The outdoor recreation economy is at risk. As the planet continues to warm, the demand for services is likely to shift, leaving many businesses vulnerable, a new study says. Faced with this threat, outdoor industry leaders are creating a movement to influence policymakers to safeguard our future.
With the ski season becoming shorter and shorter - nationwide by 41% in the last three decades alone - the impact of climate crisis on the snow sports industry has been apparent for a while. Founded in 2007, Protect Our Winters (POW) is an initiative that has rapidly grown from a grassroots movement into a political force to be reckoned with. It leverages the influence of professional athletes to turn all outdoor enthusiasts, of whom 50 million are of voting age, into climate action activists.
Change is now needed more than ever as it’s not only ski-resorts that suffer as a result of rising temperatures. A recent study from Utah State University predicts that the demand for outdoor recreation is also about to drop during the summer, affecting all sector players, including the hospitality industry, guides, family-run grocery stores in getaway towns, and more. From wildfires to floods, extreme weather is already known to create multi-million dollar losses. Beyond the increased risk of natural disasters, tourists are also going to be repelled by the heat, with many summer destinations becoming off-limits in the hottest months.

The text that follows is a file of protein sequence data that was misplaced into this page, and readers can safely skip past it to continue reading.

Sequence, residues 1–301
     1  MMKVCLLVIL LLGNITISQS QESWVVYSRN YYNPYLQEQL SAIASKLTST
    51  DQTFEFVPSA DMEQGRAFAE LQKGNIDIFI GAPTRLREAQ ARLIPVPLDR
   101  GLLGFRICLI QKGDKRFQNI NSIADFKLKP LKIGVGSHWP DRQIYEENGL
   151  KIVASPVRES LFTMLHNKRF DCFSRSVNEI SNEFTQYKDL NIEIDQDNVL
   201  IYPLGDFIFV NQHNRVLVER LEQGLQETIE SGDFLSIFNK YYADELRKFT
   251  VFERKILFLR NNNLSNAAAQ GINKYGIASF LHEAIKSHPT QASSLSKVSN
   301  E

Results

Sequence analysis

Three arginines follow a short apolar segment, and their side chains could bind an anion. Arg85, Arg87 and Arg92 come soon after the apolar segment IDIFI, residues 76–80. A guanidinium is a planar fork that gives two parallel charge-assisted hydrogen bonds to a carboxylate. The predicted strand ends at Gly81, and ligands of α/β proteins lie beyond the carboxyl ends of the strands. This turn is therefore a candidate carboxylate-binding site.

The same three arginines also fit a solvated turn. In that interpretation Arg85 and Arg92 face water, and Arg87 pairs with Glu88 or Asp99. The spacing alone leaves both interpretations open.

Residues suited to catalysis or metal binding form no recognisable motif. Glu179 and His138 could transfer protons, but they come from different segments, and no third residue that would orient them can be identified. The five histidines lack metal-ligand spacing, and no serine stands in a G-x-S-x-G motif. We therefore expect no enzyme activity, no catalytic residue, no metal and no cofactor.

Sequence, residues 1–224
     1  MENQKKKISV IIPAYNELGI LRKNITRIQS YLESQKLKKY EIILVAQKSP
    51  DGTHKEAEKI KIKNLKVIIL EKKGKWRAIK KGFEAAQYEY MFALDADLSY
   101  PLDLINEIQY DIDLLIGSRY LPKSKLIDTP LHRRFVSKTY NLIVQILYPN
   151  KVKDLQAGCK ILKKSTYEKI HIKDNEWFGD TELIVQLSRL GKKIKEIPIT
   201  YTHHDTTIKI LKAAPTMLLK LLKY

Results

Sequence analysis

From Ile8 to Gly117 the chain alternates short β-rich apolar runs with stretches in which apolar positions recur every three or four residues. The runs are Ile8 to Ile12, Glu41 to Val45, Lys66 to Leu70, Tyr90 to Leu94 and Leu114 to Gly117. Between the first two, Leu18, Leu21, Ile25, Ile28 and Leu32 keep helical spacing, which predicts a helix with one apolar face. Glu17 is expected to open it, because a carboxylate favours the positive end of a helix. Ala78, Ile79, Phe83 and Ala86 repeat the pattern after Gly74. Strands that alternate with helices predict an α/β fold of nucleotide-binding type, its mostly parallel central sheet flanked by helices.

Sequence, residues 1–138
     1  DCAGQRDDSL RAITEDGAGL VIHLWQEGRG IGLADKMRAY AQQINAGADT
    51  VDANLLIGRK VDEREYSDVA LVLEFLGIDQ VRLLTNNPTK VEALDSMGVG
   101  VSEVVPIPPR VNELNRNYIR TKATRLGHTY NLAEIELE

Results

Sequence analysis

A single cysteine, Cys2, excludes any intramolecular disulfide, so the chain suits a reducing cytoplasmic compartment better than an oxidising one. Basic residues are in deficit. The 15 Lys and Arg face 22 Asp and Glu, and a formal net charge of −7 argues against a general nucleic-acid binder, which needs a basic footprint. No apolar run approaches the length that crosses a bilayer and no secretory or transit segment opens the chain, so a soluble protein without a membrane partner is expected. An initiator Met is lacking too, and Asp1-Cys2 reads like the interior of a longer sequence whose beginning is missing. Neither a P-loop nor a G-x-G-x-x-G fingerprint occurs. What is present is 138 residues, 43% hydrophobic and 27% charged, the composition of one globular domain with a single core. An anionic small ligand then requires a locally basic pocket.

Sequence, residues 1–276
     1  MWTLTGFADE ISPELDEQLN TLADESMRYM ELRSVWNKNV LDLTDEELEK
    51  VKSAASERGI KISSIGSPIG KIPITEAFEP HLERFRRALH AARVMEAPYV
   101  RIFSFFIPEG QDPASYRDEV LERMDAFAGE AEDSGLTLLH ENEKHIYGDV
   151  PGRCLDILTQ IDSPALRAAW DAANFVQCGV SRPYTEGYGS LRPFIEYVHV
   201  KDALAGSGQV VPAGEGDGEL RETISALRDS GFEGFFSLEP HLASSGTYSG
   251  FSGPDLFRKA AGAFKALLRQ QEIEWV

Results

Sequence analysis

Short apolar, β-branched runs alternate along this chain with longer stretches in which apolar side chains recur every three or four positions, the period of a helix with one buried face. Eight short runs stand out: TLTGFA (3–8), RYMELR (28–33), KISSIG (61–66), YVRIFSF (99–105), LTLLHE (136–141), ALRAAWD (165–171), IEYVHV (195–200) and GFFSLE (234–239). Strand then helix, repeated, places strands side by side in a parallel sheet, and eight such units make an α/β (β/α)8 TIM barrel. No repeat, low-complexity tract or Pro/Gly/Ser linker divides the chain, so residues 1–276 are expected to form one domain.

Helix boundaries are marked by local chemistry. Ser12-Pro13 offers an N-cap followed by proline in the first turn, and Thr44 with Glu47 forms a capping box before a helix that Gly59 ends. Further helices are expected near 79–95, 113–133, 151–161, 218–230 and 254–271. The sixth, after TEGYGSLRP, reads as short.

Facing these multiplying challenges, the outdoor industry is rapidly becoming a leader in climate change action. Last June, more than 100 outdoor brands made a pledge to work together and become the world’s first climate-positive industry within the next eight years. From reducing greenhouse gasses to advocating for systemic change, the initiative, known as the Climate Action Corps, is already gaining traction. Crucially, more and more climate skeptics realize that, contrary to a long-standing belief, sustainability is actually good for their bottom lines.
Beyond the havoc that global warming is likely to cause for the outdoor and tourism sectors, there is much more at stake. A report presented at the UN’s COP27 climate summit in Egypt warns of bleak prospects and an irreversible “tipping point” which could soon see the planet plunged into climate chaos.
While naysayers continue to call it scaremongering, driving home the scale of the problem is crucial because there is still time to act. From industry-wide initiatives to individual action, we can salvage the beauty of our planet.